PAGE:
April showers bring May flowers and often June, July and August heat waves. If you’d like to enjoy your HVAC cooling system to the fullest this summer without breaking the bank, Spring is the time to take a few simple steps to prepare.
First Things First
Why not do a test run of your cooling system right now? See how well its working and troubleshoot any issues before the thermometer soars way out of sight. Besides safeguarding your comfort, you’ll be able to quickly get professional help for problems that are beyond your DIY scope. Rule of thumb: HVAC technicians are almost invariably easier to get hold of during the off-peak season and their rates may reflect this.
Next, go outside and inspect the exterior unit for debris, dead leaves, and plant growth that have the potential to block the airflow.
Make sure you check your HVAC filters regularly. During heavy summer use, the filter swill likely need to be washed or replaced about once a month (possibly more if you live in an especially dusty area). While you’re at it, dust the grates as well. Clean the evaporator coils annually, straightening any bent ones.
Schedule your annual HVAC tune-up if you are due for one. A system that is over 10 years old may be costing you more in electricity bills than it is worth, especially if you live in an area with long, hot summers.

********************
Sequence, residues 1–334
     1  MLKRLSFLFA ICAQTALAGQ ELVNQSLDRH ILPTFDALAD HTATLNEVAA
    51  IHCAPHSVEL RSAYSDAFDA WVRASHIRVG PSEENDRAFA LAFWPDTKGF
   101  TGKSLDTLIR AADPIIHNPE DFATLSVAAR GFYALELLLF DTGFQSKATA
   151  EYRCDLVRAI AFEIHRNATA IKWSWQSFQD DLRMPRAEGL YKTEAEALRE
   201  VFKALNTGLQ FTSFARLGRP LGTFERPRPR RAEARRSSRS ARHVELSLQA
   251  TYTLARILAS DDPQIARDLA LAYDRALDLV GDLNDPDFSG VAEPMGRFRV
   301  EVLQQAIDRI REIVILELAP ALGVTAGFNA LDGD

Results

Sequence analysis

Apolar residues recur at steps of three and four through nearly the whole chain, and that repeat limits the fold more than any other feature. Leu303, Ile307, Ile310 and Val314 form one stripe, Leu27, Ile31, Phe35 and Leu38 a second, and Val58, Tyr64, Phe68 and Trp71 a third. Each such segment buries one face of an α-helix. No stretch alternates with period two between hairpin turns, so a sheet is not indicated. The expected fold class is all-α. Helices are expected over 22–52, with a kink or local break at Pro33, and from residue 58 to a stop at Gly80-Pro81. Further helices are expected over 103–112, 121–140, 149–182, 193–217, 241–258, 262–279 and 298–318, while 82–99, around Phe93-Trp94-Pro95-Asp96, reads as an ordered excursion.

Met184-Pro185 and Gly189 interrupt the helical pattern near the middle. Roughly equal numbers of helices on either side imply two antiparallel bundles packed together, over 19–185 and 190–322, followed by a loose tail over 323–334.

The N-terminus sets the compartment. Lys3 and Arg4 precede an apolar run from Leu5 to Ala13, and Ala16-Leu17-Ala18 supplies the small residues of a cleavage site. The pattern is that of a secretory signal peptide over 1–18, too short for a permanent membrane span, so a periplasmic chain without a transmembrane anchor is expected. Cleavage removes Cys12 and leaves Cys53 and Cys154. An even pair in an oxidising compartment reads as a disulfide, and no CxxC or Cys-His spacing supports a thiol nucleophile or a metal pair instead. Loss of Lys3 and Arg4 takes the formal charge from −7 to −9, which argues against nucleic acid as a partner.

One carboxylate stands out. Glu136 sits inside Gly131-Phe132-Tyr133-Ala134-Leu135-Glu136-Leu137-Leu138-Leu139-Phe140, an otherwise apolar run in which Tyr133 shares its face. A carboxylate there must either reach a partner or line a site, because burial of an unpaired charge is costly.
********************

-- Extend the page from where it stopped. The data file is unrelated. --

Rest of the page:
Save Electricity … and Cash
Use your HVAC systems programmable thermostat to schedule operation for times when you are at home. Efficient use of this handy device can save you a pretty penny in utilities.
For further savings, set the thermostat a few degrees higher than you normally would and use a low-energy-consumption fan to help circulate the cool air. Ceiling fans should be switched to turn in the correct direction (counter-clockwise); this directs hot air upward and away from the center of the room.
Keep Cool Air In, Hot Air Out
Prevent leakage of precious cool air by sealing around the HVAC units and your ducts seams and connections. Then, wrap the ducts in insulation. If the ducts pass through an attic space, consider insulating that too. Sealing and insulation require a certain amount of effort but will be well worthwhile in energy efficiency both summer and winter.
It’s recommended to seal around windows, doors and baseboards also or even to replace windows if necessary.
Close your windows and drapes during the day to exclude the hot air; then open them at night, if possible, for ventilation. You may wish to install interior or exterior blinds, shutters, shades or awnings, particularly on south- or west-facing windows. Additional energy effective window treatments such as reflective films and insulated panels are available as well.
This article originally posted on WHEC.com.